2017 Award Winners
Congratulations to the 2017 Award Winners!

Unsung Hero

Elizabeth Wallner, who passed away earlier this year, was a passionate advocate for equity and access for every student for almost two decades. She had written and presented professional development workshops, e-seminars, webinars and online modules focusing on equity and access in CTE and STEAM careers for secondary and postsecondary educators in California and nationally. Elizabeth had served tirelessly as a consultant to the California Joint Special Populations Advisory Committee. One of her proudest accomplishments with NAPE was her work with the STEAM Equity Coalition at San Jose High School, where a group of young women have taken it upon themselves to teach their school community about equity and access, micromessages, stereotype threat, and other internal barriers. The success of her work at San Jose High School is a testament to her commitment to open the hearts and minds of young people! Diane Salazar has been at the Texas Education Agency since 1997 and has served as Director of Career and Technical Education for the past 2 years. Prior to joining the agency, Ms. Salazar was a family and consumer sciences teacher in middle and high school and was twice named teacher of the year during her teaching career.  While at the Texas Education Agency has she has planned professional development for family and consumer sciences teachers, launched Texas’s college and career initiative, Achieve Texas, and assisted the State Board of Education with the revision of Texas’ Essential Knowledge and Skills for CTE. Working with special populations has been a priority for Diane, including supporting students who want to explore nontraditional fields. She has been working with NAPE to build the capacity of the 20 Texas Education Service Center CTE specialists to provide professional development and technical assistance to the 1200 plus school districts throughout the state. In addition, under her leadership, The Special Populations Resource Center has expanded the availability of print and digital resources that address how CTE teachers can be successful in their work with the special populations students in their classrooms.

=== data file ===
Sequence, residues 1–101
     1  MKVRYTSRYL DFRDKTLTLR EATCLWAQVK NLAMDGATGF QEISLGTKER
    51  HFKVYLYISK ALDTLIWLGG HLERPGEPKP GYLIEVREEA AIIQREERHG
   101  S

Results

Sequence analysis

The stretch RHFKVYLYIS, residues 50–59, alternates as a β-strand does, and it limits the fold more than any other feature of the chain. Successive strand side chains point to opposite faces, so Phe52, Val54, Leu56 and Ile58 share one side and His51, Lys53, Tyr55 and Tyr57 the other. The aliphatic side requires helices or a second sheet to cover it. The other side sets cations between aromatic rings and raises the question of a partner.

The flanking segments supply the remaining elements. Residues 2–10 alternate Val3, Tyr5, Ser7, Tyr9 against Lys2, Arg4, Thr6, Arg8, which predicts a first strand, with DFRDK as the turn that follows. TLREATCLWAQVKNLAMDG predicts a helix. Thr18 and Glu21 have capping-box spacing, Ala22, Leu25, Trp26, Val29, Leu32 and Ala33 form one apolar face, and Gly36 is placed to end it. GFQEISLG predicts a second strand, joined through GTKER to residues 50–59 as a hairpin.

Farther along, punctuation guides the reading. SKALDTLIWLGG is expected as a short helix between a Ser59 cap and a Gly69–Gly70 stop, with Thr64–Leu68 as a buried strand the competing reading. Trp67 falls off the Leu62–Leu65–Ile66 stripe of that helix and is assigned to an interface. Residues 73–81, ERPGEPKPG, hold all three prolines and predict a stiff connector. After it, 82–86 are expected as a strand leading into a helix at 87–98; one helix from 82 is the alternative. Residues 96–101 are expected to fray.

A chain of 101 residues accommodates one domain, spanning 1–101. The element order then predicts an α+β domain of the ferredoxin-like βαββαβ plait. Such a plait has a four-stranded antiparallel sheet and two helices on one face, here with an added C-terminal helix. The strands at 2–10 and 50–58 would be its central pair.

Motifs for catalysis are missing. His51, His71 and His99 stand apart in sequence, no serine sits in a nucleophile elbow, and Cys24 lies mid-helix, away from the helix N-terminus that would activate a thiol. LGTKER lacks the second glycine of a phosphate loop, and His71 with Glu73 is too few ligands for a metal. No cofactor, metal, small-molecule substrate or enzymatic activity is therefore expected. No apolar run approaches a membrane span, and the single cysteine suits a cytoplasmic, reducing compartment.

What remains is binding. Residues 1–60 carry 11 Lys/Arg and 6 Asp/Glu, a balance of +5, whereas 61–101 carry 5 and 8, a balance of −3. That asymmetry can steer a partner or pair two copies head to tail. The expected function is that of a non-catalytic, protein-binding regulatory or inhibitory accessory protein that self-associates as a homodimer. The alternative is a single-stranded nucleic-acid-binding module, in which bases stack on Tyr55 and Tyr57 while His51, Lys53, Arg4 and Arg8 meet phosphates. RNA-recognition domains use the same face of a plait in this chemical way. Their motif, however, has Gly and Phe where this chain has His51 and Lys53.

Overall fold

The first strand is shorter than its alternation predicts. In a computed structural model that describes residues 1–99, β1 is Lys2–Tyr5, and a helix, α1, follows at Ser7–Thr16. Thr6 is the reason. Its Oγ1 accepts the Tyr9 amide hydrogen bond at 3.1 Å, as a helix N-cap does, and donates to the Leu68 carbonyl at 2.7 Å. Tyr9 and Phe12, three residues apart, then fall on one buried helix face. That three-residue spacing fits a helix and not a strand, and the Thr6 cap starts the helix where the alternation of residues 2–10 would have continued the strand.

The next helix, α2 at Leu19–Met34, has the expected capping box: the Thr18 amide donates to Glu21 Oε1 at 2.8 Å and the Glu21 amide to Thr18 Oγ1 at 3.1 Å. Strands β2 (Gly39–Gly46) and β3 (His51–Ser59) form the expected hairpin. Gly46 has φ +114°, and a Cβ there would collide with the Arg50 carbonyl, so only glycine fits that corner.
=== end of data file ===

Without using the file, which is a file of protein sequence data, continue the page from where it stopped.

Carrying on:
In 2012, after more than 20 years of service, Mary Bunn retired from the Oregon Department of Education as an Equity Administrator/Education Specialist. She served as member-at-large on the NAPE Executive Committee in 1999, 2000, 2008 and 2009 and made significant contributions to the organization as Chair of the Bylaws Committee. She was also recognized for her service on the Advisory Panel responsible for the development of the foundational NAPE document System-Building Standards for Educational Reform. Mary was administrator of Perkins gender equity grants for services to single parents, displaced homemakers and students pursuing nontraditional careers. She also worked with high schools and community colleges as the state’s MOA Coordinator representing the US Department of Education’s Office for Civil Rights. She also served as a Project Champion for the National Girls’ Collaborative Project’s “Advancing the Agenda in Gender Equity for STEM” in partnership with Oregon Tradeswomen, Inc., a project that continues to this day. Her service to the NAPE Executive Committee, support for the NAPE organization, and two decades of equity support and impactful service at the state and local levels make Mary Bunn a worthy winner of the NAPE Emerita Member Award.


The Vermont Works for Women’s Girls’ Program Team works toward the day when all women and girls make confident, deliberate choices about life and work that reflect an expansive grasp of the world’s possibilities and a fearless commitment to pursuing their dreams, and that contribute to the vitality of our communities. To this end, the Program Team helps them to recognize their potential and to explore, pursue, and excel in work that leads to economic independence. The Program Team works with many government, education, and nonprofit partners to provide challenging, nontraditional experiences. Through programs such as Dirt Divas, Rosie’s Girls summer camps, and a hands-on Women Can Do conference, the Girls’ Program Team at Vermont Works for Women aims to encourage middle school and high school females and gender nonconforming youth to develop grit, positive peer and adult mentor connections, and expanded possibilities for their futures.